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The Islamic Threat, Myth or Reality?

THIS AMBITIOUS AND timely book attempts an overview of a vast and complex subject as well as providing an incisive commentary and analysis of the contemporary Islamic scene. "In an increasingly interdependent world," affirms John Esposito, "it becomes even more imperative to deal with political realities dispassionately and constructively and to transcend stereotypes."

That it succeeds is a tribute to the insight and skill of the author, a professor of Middle East Studies in the United States and a prolific writer on the contemporary Islamic world. The sweep of the book's range is truly impressive. It takes in all the major Muslim countries and governments across the Middle East, Africa and Asia, with shrewd, succinct assessments offered.

Esposito shows convincingly the great diversity of the political movements which go up to form resurgent Islam. He warns against the generalisations from ignorance and prejudice which often pass in the Western media - and notoriously in the United States - as sober analysis. The idea of a monolithic Islam or unified bloc of states which is set to confront the United States and West in general is exploded. Monolithic Islam is, he maintains, a recurrent Western myth, not a reality. Instead, the writer illustrates the great diversity within the world of Islam.

The shockwaves of the Iranian revolution reached far and wide. Ayatollah Khomeini, like Colonel Gaddafi before him, was a natural bogeyman for the West, and for America something more. "From presidential statements to popular music and billboards, Khomeini soon became the man many Americans loved to hate." Iran's effort to export a revolutionary creed of Islam has arguably had very limited success. But Iran's image, especially in the US, is still as a major terrorist state constituting a menace to the world.

Fear of Islam as a potential political force goes back many centuries in Europe. As Esposito points out, Pan-Islam was seen as a global threat to Western colonial rule in the immediate aftermath of the First World War, after the peace treaties allocating many Arab lands of the Ottoman empire to British and French rule under League of Nations mandates.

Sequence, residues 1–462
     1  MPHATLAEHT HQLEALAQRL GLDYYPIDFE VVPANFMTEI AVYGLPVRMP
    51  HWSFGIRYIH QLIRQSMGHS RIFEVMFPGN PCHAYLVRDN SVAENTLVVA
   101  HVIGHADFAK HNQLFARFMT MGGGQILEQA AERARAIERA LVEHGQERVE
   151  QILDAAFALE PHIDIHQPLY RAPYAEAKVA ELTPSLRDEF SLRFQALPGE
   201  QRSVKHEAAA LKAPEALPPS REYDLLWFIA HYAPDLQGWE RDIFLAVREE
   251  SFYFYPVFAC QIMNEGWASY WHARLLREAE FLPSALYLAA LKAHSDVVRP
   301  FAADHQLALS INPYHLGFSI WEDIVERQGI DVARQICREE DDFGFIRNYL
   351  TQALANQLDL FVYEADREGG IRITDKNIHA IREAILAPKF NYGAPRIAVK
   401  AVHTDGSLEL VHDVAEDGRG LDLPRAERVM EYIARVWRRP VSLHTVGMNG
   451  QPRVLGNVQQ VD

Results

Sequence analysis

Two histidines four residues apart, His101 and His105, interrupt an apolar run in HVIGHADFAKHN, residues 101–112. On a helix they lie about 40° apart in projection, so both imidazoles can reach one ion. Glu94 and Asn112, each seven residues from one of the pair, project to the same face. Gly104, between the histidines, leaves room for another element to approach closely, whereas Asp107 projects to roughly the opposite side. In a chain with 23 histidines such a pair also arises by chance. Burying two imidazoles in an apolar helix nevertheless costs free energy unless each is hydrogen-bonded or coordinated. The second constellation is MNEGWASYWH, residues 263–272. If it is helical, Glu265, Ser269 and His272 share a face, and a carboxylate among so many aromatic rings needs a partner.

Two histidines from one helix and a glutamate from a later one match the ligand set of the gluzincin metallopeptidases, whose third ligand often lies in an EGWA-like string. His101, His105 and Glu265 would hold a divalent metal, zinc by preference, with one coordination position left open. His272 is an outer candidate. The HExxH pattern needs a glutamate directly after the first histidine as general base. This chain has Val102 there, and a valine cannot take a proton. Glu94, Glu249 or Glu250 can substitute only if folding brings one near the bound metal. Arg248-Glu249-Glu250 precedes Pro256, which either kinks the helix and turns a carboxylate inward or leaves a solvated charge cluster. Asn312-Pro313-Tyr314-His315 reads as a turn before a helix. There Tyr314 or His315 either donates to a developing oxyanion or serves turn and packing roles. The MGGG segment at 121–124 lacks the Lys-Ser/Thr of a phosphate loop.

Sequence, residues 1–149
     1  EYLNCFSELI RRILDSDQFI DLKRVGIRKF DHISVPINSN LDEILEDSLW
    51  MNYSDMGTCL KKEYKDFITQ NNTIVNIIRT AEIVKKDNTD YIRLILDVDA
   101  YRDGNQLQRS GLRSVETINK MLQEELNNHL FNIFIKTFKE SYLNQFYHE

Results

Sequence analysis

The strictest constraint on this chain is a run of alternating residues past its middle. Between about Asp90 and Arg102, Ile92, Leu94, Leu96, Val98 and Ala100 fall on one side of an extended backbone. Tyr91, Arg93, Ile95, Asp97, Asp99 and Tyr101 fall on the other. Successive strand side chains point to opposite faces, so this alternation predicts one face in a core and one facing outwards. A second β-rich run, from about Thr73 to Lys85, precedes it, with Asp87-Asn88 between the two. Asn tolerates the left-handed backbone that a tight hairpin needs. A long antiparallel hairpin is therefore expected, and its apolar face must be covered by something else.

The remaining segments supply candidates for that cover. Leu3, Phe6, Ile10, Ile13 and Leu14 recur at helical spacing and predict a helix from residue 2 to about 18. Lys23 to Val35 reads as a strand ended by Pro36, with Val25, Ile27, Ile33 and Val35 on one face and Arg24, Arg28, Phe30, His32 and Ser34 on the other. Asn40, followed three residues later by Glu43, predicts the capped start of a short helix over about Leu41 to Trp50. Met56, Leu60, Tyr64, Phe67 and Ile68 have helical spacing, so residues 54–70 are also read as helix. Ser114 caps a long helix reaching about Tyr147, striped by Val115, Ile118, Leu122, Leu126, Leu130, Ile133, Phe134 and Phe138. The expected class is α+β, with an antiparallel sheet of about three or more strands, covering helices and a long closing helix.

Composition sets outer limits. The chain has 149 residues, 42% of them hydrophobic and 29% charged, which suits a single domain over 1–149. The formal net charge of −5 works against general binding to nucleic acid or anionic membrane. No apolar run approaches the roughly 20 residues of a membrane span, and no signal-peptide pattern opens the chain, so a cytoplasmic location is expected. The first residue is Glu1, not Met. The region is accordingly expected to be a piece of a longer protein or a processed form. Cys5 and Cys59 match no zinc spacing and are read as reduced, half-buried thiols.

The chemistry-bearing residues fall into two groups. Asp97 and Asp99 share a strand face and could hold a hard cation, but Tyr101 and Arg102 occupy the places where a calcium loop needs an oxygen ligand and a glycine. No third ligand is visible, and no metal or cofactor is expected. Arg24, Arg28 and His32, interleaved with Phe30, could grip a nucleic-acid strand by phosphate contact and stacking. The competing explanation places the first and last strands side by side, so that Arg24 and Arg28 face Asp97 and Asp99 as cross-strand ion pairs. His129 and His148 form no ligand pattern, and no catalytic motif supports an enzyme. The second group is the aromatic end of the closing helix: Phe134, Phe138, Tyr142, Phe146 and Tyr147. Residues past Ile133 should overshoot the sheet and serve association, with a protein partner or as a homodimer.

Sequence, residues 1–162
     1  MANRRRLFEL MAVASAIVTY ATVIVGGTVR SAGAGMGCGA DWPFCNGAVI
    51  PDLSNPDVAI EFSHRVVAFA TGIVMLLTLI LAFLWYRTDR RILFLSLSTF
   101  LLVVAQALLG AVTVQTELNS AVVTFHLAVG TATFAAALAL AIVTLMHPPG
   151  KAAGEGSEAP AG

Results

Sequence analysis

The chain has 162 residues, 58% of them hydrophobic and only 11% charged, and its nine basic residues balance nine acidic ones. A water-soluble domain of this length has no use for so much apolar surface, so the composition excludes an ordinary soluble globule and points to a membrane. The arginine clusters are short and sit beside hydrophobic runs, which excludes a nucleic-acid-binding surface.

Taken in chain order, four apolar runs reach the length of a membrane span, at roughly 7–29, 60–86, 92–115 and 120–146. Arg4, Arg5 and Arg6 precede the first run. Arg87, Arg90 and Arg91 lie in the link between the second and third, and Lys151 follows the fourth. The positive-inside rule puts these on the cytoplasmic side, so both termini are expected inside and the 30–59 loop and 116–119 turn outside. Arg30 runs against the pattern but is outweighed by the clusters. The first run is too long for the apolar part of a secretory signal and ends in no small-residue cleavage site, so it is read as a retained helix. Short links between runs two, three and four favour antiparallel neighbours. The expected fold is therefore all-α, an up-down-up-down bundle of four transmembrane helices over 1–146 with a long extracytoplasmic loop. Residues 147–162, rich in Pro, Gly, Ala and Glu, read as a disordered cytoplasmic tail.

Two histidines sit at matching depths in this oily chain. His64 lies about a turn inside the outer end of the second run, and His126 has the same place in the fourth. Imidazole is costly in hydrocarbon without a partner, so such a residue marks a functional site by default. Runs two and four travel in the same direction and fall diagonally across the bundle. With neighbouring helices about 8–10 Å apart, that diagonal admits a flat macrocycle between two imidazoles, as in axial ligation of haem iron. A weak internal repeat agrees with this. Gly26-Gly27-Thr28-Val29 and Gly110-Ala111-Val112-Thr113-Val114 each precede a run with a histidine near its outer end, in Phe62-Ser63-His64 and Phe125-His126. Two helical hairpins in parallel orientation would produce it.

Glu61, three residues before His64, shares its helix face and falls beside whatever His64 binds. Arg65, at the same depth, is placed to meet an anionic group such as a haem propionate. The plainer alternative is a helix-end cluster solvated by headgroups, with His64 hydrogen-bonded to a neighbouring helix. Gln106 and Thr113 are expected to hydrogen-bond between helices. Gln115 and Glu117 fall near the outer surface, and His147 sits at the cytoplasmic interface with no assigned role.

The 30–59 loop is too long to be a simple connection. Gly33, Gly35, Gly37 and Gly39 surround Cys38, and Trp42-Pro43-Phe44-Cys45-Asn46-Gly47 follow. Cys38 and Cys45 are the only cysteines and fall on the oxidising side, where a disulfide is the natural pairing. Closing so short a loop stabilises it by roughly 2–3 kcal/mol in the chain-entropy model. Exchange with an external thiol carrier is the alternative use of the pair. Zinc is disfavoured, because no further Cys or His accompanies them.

In fact, such visions of a Pan-Islamic menace to Western dominance have older roots, and can be usefully compared to late nineteenth century Western concerns about the so-called "Yellow Peril", or immigration by Chinese and other Asian peoples. They can also be compared to the American obsession with Communism as a world force or plot to destroy civilisation as we know it.

American perceptions of the phenomenon of Islamic fundamentalism have naturally enough been coloured and distorted by the dominant Protestant culture. Esposito prefers to use instead the terms Islamic revivalism and activism. This book points out that for many Muslims, activism takes the form of membership in a social movement rather than political activism as such. But the goal of capturing political power and eventually heading governments is of course there.

Democracy is not only a powerful symbol of legitimacy in many Muslim countries but, Esposito maintains "has become an integral part of modern Islamic political thought and practice." He goes on to identify a major issue facing Islamic movements as being their willingness, once in power, to tolerate diversity of views.

The indictment that Islam is intolerant and undemocratic is often made. It is true there has been a failure to give freedom of speech - as well as a lowering of status of minorities - under numerous Islamic regimes. "The record of Islamic experiments in Pakistan, Iran and the Sudan," Esposito says, "raises serious questions about the rights of women and minorities under Islamically oriented governments."

This lucid, often provocative, study is intended to reach not only students or specialists but a wider general public. It always remains objective and can only help spread mutual understanding instead of the alienation, fear and mutual resentment which are too commonly found.
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Copyright 1992 Gale, Cengage Learning. All rights reserved.

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Publication:The Middle East
Article Type:Book Review
Date:Dec 1, 1992
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